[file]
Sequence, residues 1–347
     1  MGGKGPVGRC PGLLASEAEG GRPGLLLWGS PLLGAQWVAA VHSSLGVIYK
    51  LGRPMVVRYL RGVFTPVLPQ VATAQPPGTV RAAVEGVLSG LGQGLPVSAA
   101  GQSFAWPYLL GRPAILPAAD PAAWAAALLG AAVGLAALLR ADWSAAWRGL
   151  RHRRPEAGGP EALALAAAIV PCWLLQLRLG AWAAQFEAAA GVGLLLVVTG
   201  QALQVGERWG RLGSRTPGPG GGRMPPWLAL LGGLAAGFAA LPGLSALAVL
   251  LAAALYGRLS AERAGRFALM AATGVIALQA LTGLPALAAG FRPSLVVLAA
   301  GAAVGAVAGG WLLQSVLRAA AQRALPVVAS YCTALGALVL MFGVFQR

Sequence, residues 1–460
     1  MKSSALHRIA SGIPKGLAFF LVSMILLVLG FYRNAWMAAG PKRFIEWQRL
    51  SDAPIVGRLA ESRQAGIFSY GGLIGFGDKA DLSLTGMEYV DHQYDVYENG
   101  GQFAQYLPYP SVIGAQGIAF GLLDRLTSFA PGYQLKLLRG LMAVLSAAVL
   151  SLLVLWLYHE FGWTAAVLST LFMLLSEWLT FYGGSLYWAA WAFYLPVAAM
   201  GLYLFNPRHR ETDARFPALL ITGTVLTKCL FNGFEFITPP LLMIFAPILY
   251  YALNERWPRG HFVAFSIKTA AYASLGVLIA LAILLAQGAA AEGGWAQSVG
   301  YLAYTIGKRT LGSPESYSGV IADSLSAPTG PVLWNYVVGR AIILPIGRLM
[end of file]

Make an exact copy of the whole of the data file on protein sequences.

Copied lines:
Sequence, residues 1–347
     1  MGGKGPVGRC PGLLASEAEG GRPGLLLWGS PLLGAQWVAA VHSSLGVIYK
    51  LGRPMVVRYL RGVFTPVLPQ VATAQPPGTV RAAVEGVLSG LGQGLPVSAA
   101  GQSFAWPYLL GRPAILPAAD PAAWAAALLG AAVGLAALLR ADWSAAWRGL
   151  RHRRPEAGGP EALALAAAIV PCWLLQLRLG AWAAQFEAAA GVGLLLVVTG
   201  QALQVGERWG RLGSRTPGPG GGRMPPWLAL LGGLAAGFAA LPGLSALAVL
   251  LAAALYGRLS AERAGRFALM AATGVIALQA LTGLPALAAG FRPSLVVLAA
   301  GAAVGAVAGG WLLQSVLRAA AQRALPVVAS YCTALGALVL MFGVFQR

Sequence, residues 1–460
     1  MKSSALHRIA SGIPKGLAFF LVSMILLVLG FYRNAWMAAG PKRFIEWQRL
    51  SDAPIVGRLA ESRQAGIFSY GGLIGFGDKA DLSLTGMEYV DHQYDVYENG
   101  GQFAQYLPYP SVIGAQGIAF GLLDRLTSFA PGYQLKLLRG LMAVLSAAVL
   151  SLLVLWLYHE FGWTAAVLST LFMLLSEWLT FYGGSLYWAA WAFYLPVAAM
   201  GLYLFNPRHR ETDARFPALL ITGTVLTKCL FNGFEFITPP LLMIFAPILY
   251  YALNERWPRG HFVAFSIKTA AYASLGVLIA LAILLAQGAA AEGGWAQSVG
   301  YLAYTIGKRT LGSPESYSGV IADSLSAPTG PVLWNYVVGR AIILPIGRLM